April 8, 2009
Protestors make their voices heard, if not their Kindles
by Dennis Johnson
“Some 200 people with print disabilities–physical impairments that restrict their ability to read print–protested in front of the Authors Guild headquarters in New York yesterday, rallying against the Guild’s attempt to get Amazon to disable the Kindle 2‘s text-to-speech function,” reports Lynn Andriani in a Publishers Weekly story.
The protest was organized by the National Federation of the Blind, and they were protesing Amazon‘s recent announcement “that it plans to give authors and publishers the ability to disable the text-to-speech function on any of their e-books available for the Kindle 2” — a response itself to the Authors Guild complaint that the function was basically an unauthorized audio book (see the earlier MobyLives report).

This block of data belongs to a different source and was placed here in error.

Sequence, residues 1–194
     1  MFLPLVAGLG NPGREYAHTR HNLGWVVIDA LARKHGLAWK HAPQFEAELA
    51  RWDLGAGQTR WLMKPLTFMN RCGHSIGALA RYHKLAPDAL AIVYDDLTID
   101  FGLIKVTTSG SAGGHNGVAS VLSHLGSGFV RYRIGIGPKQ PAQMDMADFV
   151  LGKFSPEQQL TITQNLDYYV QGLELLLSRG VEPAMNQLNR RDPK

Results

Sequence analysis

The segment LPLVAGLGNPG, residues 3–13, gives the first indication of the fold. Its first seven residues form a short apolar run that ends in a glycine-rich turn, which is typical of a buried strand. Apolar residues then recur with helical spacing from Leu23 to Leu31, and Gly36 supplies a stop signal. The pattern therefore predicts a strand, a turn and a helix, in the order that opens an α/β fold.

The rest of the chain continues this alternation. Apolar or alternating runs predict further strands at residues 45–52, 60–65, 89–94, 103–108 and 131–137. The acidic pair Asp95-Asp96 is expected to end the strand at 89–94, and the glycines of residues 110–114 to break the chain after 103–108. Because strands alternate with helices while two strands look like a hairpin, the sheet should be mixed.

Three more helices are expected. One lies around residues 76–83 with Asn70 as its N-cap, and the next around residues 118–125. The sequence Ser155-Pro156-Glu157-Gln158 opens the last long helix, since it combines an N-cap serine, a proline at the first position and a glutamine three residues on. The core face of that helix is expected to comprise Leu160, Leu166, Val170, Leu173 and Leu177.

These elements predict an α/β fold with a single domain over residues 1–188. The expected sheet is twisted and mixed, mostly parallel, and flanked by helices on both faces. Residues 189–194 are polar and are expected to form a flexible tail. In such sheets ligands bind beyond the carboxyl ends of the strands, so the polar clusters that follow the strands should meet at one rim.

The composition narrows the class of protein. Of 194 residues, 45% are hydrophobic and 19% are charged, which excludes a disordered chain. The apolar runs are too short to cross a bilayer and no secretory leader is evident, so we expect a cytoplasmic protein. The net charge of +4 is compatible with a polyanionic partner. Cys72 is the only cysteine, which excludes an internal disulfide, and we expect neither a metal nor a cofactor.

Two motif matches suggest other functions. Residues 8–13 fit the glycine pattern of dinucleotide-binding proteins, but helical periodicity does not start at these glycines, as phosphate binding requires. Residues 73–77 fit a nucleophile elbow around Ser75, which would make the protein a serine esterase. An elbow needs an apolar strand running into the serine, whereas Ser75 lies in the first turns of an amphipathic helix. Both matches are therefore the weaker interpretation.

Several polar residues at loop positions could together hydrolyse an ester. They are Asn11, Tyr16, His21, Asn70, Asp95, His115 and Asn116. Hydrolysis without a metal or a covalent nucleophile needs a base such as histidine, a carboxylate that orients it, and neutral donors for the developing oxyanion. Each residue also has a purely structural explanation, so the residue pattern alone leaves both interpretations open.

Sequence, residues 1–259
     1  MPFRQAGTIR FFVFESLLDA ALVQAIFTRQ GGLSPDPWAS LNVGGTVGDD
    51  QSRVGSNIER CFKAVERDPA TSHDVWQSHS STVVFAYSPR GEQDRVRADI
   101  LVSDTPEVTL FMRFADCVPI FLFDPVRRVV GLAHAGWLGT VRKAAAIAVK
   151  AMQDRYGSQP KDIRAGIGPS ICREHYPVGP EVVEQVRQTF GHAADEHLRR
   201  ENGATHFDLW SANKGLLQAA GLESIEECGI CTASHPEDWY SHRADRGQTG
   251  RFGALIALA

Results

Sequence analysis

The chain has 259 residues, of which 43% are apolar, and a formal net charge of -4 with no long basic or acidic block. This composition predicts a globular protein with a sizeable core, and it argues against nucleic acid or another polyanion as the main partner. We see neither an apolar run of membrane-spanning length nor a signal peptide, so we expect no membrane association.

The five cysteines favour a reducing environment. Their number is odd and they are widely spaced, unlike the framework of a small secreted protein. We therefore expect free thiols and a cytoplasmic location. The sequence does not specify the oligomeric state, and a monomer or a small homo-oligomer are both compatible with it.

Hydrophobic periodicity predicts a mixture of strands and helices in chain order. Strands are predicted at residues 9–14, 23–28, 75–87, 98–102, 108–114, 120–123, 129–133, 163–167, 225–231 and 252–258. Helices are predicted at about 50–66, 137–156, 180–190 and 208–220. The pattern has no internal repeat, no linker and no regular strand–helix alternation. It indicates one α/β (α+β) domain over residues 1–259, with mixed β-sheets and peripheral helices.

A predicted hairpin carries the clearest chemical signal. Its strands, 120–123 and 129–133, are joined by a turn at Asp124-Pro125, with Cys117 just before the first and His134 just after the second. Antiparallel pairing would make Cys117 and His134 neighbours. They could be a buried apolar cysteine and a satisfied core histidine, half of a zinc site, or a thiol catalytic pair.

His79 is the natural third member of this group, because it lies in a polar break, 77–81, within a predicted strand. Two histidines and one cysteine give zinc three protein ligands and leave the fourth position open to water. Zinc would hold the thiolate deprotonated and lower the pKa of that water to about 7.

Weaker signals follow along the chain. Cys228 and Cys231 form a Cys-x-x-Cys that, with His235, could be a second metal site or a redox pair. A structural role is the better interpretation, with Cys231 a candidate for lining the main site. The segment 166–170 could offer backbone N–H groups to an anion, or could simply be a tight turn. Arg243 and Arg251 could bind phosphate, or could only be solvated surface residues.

In between chanting â€œTwo, four, six, eight, the Authors Guild discriminates!â€ and holding signs that said â€œThrow the E-Book at the Authors Guild,â€ the crowd listened to representatives of the Reading Rights Coalition and the NFB giving bullhorn addresses.
But Paul Aiken, executive director of the Authors Guild, released an official statement saying â€œTodayâ€™s protest is unfortunate and unnecessary. We stand by our offer, first made to the federationâ€™s lawyer a month ago and repeated several times since, to negotiate in good faith to reach a solution for making in-print e-books accessible to everyone.â€
Dennis Johnson is the founder of MobyLives, and the co-founder and co-publisher of Melville House.